DESCRIPTION (provided by applicant): AIDS stigma and discrimination continue to impact those living with and affected by HIV disease and their health care providers, particularly in Southern Africa where the burden of the AIDS is so significant. Many health care workers in South Africa have come to the conclusion that unless stigma is conquered, the illness will not be defeated. A five-year collaboration project is proposed linking five country members (Lesotho, Malawi, South Africa, Swaziland, and Tanzania) of the Southern African AIDS Network of Nurses and Midwives (SANNAM) with the Schools of Nursing at the University of Natal and the University of California, San Francisco. The aims are: 1) to develop and validate two linguistically and culturally appropriate measures of perceived HIV/AIDS stigma appropriate for persons living with HIV/AIDS and nurses; 2) To explore potential relationships, over time, among stigma, quality of health care, and quality of life for persons living with HIV/AIDS and among stigma, quality of work life, and quality of life for nurses; and, 3) To utilize community-based participatory research methods to intervene at a community level with five national nurses association and to track the impact of the community-level events on the perceived stigma of nurse members of those associations. Psychometric strategies designed to develop and validate new instruments are proposed for Aim 1. Two models will be examined in Aim 2 with a repeated measures design using covariant equation analysis. Aim 3 proposes a quasi-experimental design to test the impact of community-level stigma reducing interventions within national nurses associations on its nurse members.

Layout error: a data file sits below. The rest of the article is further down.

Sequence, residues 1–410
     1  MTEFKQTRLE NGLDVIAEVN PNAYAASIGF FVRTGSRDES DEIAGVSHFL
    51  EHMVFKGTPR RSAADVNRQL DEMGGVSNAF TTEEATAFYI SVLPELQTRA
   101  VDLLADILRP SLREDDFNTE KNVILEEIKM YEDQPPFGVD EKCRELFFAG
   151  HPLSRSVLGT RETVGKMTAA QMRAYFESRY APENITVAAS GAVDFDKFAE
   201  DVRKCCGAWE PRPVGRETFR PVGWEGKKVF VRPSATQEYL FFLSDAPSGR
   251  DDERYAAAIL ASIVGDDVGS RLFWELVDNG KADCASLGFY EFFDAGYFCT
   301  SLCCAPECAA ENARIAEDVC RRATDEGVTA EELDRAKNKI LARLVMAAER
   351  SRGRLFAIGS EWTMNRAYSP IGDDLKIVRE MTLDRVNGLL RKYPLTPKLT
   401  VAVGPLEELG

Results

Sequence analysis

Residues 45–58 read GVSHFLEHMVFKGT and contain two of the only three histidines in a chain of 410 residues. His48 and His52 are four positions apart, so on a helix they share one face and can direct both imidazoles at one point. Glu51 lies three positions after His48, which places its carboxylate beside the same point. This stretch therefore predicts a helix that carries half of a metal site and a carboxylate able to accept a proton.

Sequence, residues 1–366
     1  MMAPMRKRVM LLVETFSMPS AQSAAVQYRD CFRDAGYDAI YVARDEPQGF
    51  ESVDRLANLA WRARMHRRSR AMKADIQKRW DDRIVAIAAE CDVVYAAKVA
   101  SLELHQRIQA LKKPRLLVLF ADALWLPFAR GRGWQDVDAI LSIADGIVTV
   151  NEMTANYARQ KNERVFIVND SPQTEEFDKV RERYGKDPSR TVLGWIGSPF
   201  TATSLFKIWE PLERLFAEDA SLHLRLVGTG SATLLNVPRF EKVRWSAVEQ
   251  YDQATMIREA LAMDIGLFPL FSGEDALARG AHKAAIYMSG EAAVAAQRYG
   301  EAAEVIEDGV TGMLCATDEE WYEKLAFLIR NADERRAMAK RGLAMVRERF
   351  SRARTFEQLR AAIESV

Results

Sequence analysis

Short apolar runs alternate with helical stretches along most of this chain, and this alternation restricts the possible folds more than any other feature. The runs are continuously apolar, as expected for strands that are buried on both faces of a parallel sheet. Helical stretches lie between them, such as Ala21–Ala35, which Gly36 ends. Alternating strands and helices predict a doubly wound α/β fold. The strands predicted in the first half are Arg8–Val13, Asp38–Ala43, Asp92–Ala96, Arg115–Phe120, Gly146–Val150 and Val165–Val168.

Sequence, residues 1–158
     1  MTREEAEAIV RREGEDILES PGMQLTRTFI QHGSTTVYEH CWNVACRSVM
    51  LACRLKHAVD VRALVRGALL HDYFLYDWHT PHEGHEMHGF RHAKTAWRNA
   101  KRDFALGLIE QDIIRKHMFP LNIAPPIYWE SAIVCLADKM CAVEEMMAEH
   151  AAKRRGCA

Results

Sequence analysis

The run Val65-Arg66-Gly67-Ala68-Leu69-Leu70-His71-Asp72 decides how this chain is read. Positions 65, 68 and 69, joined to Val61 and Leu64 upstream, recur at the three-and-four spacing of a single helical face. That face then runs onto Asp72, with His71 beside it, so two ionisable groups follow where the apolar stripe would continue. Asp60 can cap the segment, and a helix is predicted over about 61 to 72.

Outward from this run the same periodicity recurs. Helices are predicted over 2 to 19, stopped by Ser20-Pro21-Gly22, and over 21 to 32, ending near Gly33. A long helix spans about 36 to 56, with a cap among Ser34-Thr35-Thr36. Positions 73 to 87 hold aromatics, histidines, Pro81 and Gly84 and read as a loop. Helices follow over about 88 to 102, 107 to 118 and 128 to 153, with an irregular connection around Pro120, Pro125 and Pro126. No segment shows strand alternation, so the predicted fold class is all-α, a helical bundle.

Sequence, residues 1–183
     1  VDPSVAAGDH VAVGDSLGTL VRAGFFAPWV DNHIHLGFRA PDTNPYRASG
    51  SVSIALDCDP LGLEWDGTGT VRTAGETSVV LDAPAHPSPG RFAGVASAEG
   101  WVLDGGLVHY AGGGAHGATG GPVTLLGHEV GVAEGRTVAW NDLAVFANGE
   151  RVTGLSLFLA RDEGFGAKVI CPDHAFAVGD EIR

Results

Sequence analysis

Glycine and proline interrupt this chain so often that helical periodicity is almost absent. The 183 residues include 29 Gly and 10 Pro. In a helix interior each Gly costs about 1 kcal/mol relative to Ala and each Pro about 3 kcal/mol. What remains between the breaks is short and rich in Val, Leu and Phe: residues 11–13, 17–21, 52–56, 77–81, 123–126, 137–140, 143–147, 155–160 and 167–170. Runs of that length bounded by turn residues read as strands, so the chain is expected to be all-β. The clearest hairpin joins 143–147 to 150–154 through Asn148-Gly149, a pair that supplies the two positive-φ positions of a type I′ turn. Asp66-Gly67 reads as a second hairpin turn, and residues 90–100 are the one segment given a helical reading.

|Effective start/end date||6/1/03 → 5/31/09|
- Fogarty International Center: $532,568.00
- Fogarty International Center: $577,921.00
- Fogarty International Center: $514,265.00
- Fogarty International Center: $495,854.00
- Fogarty International Center: $506,619.00
- Fogarty International Center: $90,000.00
- Cultural Studies
- Infectious Diseases
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